Water falls over a series of stepped rocks and terraces and eventually plunges over a drop of 32 meters in a crevice, looking like it’s almost disappearing! One of the prettiest sights there is the rainbow that often appears right above it, thanks to the tiny drops of water that float in the air. This really is one of the most incredible places to visit in Iceland.
And Skogafoss Waterfall
Two hours east of the airport, this is one of the most impressive places to visit in Iceland and it is completely free to visit.
GOOD TO KNOW: At about 10 minutes drive from Skogafoss, Seljalandsfoss is another great waterfall to spot. You can even walk behind it.
Discover an amazing lighthouse
If you have a thing for lighthouses there is a beautiful lighthouse on the south coast of Iceland that offers incredible views. It is also a fabulous place for bird watching. You really should not miss it.
Hofn is a tiny fishing town located in southern Iceland, on a series of gorgeous small islets and peninsula. It’s close to Vatnajokull National Park and the perfect starting point to explore the east of the country. There is a folk museum, the Ice Land Glacier Exhibition and what are supposed to be the best lobster eateries in the country.
TIP: Make sure to spend at least two days in Hofn.
Get a bit off the beaten path in Landmannalaugar
Getting off the beaten path is one of the best things to do in Iceland. Landmannalaugar is a real hidden gem, so make sure to include it in your itinerary. What makes it particularly attractive aren’t just the volcanoes (this is Iceland we are talking about, after all!) but also the hot springs and the surrounding mountains. Besides, there are many hiking trails in the region. A must see – and you can go there on a day trip such as this one.
And stay off the beaten path at Skalholt
Skalholt is located right on the edge of the Hvita River. Seemingly unimportant, this used to be one of the most powerful spots in the country from the 11th century, and used to be the most important place for Icelandic Catholicism. The oversized Skalholt Cathedral dominates the city nowadays. This was entirely rebuilt in the 1900s, to include some elegant Danish stained-glass. Easily one of the best places to visit in Iceland.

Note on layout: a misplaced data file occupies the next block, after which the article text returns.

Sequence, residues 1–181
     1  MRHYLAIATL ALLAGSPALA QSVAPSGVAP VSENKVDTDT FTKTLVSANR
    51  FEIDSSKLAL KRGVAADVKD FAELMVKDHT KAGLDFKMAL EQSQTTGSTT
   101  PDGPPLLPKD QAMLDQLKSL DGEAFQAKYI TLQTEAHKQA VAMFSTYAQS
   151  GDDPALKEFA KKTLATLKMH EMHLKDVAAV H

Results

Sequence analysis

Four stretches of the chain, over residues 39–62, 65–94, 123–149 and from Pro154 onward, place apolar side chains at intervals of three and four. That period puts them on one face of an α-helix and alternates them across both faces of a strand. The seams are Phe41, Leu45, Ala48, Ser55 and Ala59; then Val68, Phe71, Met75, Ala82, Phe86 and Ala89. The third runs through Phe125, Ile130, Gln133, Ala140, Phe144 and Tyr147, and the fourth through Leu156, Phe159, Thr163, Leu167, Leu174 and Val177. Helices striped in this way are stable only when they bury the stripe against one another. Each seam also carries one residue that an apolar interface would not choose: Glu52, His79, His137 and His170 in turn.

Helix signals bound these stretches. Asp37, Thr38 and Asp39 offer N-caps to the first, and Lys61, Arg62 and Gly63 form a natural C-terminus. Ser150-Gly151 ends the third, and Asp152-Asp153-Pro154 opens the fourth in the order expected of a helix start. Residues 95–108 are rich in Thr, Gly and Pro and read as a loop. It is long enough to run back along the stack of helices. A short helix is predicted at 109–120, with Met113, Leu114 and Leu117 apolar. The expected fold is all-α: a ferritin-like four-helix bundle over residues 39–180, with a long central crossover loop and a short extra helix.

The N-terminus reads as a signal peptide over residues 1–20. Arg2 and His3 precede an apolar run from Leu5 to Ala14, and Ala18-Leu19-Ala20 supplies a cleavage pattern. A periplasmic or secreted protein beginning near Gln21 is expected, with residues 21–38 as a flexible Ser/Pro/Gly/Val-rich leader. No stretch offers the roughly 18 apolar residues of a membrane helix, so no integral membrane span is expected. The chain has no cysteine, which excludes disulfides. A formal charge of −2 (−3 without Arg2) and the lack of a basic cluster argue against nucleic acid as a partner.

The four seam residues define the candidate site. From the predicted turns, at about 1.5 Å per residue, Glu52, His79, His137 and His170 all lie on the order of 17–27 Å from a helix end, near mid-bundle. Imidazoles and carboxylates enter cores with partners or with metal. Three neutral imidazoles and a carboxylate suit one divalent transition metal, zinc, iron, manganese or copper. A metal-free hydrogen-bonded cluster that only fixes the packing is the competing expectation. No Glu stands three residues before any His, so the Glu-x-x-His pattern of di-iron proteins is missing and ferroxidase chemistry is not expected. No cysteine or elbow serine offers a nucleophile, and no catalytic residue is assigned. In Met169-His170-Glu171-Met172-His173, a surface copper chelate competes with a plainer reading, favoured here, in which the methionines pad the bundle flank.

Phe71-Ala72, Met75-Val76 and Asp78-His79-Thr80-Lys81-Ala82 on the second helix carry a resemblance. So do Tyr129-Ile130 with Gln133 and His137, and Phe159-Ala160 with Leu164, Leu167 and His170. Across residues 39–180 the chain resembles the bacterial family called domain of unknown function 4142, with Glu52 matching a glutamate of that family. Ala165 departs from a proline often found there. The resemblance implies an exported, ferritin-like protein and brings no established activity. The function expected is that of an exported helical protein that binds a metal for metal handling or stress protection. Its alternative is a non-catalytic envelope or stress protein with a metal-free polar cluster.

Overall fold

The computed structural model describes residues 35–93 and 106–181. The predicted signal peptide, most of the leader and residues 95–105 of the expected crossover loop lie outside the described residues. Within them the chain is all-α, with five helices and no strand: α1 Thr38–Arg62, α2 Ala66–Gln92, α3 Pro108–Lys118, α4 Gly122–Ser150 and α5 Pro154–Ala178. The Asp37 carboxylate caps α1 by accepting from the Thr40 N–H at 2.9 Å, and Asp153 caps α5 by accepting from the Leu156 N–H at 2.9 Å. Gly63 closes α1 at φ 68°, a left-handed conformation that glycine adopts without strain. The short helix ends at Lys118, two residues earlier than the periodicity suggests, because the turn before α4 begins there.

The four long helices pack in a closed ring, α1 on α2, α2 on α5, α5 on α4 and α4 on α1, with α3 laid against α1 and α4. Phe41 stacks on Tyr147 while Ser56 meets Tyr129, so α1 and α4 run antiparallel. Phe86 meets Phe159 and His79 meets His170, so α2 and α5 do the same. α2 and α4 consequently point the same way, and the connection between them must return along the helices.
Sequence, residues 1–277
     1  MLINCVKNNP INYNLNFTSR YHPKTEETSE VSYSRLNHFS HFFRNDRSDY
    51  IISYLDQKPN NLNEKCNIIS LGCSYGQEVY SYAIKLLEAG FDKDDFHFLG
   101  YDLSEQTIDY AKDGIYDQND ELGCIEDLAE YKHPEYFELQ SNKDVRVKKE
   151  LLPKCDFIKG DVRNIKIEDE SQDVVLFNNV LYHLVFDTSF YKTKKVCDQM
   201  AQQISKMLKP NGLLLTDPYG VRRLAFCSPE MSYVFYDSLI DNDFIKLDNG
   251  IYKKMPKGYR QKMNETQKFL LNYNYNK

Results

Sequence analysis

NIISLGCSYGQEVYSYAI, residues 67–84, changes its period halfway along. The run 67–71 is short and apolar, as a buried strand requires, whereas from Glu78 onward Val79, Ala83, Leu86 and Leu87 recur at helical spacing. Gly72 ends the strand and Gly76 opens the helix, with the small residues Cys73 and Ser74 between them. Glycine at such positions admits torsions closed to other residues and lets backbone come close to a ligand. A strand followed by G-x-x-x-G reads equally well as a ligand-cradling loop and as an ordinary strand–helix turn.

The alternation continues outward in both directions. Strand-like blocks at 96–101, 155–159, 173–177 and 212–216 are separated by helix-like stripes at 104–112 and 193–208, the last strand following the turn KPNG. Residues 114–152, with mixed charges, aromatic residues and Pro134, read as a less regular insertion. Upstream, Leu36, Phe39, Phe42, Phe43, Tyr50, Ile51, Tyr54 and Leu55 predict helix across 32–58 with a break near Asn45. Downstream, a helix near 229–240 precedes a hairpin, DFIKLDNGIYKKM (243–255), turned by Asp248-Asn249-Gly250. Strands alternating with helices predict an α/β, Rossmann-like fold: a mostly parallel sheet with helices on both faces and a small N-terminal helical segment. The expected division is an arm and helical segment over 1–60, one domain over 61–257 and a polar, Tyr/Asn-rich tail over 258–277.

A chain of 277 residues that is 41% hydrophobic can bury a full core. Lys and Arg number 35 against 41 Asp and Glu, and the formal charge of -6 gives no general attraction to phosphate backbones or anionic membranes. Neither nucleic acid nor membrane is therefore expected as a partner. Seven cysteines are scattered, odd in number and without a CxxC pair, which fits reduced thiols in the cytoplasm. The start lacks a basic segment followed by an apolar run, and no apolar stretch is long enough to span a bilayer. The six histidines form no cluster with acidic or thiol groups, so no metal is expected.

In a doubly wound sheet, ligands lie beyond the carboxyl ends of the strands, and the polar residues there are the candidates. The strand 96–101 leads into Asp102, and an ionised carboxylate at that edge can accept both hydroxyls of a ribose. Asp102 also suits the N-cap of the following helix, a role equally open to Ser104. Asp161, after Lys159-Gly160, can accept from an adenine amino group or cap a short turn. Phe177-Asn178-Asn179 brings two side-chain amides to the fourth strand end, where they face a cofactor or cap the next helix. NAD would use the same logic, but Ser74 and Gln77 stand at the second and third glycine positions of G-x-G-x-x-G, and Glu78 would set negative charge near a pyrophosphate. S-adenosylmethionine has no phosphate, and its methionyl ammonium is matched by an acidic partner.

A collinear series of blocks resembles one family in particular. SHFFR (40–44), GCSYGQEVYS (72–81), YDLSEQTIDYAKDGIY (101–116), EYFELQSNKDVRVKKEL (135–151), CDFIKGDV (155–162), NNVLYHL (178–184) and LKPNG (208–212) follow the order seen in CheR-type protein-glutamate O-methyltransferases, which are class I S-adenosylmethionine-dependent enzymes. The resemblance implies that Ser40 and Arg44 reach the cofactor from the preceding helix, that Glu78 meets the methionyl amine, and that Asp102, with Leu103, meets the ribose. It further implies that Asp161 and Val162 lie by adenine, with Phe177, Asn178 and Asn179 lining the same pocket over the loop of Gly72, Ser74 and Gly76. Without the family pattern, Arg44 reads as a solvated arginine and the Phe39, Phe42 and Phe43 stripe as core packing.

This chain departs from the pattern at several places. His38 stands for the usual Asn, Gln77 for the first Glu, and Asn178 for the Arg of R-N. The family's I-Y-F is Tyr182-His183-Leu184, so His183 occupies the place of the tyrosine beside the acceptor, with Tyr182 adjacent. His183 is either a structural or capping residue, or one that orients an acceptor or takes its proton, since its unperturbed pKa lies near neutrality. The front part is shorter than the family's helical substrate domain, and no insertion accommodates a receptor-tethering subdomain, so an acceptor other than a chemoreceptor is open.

Discover Vatnajokull National Park
Vatnajokull National Park is one of the coolest places to visit in Iceland. Located in the south east and central part of the country, it offers varied landscapes (from meadows to waterfalls such as Dettifoss Fall) to lowlands such as Skaftafell as well as glacial fields. The wetlands are home to reindeer too. Last but definitely not least, there is a canyon (Eldgia canyon) that is supposed to be fantastic to learn more about volcanic geology).
GOOD TO KNOW: Skatfaell National Park is a great place to visit too. It’s just off the Ring Road, home to many good hiking trail such as that to Svartifoss Waterfall.
Hike around Asbyrgi Canyon
Speaking of canyons, another place that should be visited Asbyrgi Canyon. Located in the north-east part of the country, it amazes visitors with its gorges and ridges. The edges run for more than 3 km and go up to 100 meters in height. It is hikers’ paradise! One of the highlights there is visiting Dettifoss Waterfall, known to be the most powerful waterfall in Europe.
PRACTICAL INFORMATION: Roads 861 and 862 will take you to Asbyrgi and Dettifoss Waterfall respectively.
Explore the Icelandic Highlands
You can only visit the Icelandic Highlands between mid June and mid September, really – but if that’s when your trip is taking place, you really should try to go. This is one of the most remote places to visit in Iceland, and you will need a good 4X4 vehicle and – preferably – a local guide. Some of the places you should not skip in the region include kerlingarfjöll, Háifoss Waterfall, and Landmannalaugar. You can visit on day trips departing from Reykjavik such as this one.
Finally, here’s what to pack for a trip to Iceland regardless of the season.
Have you ever been on a trip to Iceland? What are your favorite things to do in Iceland?